As a flier in the 1948 Berlin Airlift, and, as an Air Marshal directing air operations in the 1982 Falklands campaign, John Curtiss twice stretched the limits of the RAF’s pioneering glory. As a squadron leader during the Airlift, a 14-month Nato operation to break the Soviet blockade of the German city, he saw at first hand the hazard of undercarriages buckling beneath the strain of short, frequent flights heavily loaded with supplies of food or fuel. Aircraft built for other tasks had to be coaxed into the job required, and 34 years later, as one of the top three Falklands commanders, he put that lesson into practice again.
Curtiss was quick to have Falklands campaign aircraft adapted for mid-air refuelling so that they could cover distances undreamt of, in single sorties travelling halfway across the globe. Curtiss’s training as a Royal Air Force navigator gave him an especially broad view of operations. As an Air Marshal he still proudly wore his navigator’s single-wing insignia, and is remembered by Second World War contemporaries of 59 Squadron, as Flt Lt E Allan recalled in his memoirs, as having been “the first occurrence of a nav becoming a pilot”.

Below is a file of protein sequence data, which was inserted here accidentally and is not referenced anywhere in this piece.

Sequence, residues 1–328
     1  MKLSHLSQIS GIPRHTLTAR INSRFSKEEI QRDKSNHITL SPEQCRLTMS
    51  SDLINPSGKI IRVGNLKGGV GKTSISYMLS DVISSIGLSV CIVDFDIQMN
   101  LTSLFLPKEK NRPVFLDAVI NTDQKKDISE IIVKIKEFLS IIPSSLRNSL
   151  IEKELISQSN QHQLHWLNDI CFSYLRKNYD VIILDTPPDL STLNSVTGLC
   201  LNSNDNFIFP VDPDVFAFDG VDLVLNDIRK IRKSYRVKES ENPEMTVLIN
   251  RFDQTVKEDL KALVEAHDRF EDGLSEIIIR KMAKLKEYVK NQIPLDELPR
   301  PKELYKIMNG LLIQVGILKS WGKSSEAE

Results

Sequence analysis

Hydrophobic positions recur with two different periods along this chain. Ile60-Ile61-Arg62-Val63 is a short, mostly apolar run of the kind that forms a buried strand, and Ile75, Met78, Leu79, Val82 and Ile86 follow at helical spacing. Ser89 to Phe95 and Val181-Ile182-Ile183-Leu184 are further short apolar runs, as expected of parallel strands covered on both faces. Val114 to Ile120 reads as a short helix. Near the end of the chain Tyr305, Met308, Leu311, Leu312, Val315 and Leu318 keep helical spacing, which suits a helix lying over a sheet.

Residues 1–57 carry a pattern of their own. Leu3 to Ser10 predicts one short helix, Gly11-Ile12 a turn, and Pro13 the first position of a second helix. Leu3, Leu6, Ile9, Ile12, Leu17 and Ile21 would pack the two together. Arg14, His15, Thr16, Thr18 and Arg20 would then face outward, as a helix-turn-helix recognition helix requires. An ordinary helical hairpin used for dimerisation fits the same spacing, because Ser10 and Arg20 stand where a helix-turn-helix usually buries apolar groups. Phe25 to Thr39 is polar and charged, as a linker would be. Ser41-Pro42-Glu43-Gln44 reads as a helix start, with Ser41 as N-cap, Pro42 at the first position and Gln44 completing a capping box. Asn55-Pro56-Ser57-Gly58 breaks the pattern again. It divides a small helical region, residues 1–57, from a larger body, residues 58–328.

He is also thought to have been the first navigator to rise to be an Air Marshal. After the Falklands, Curtiss also acknowledged: “It was... fortunate for me that during my career I had flown with every operational Command.” These included Bomber, Fighter, Training and Transport Commands.
He had made 263 short-distance supply trips into Berlin with the British Empire’s long-distance workhorse, the propeller-engined, triple-tail finned York transport aircraft. And in 1982 from Northwood HQ he had the command at his fingertips of Nimrod Mk 2 patrol and Canberra reconnaissance aircraft; Sea King, Wessex and Chinook helicopters; Victor tankers; Hercules transporters; and Harriers, Vulcans, and Phantom jets.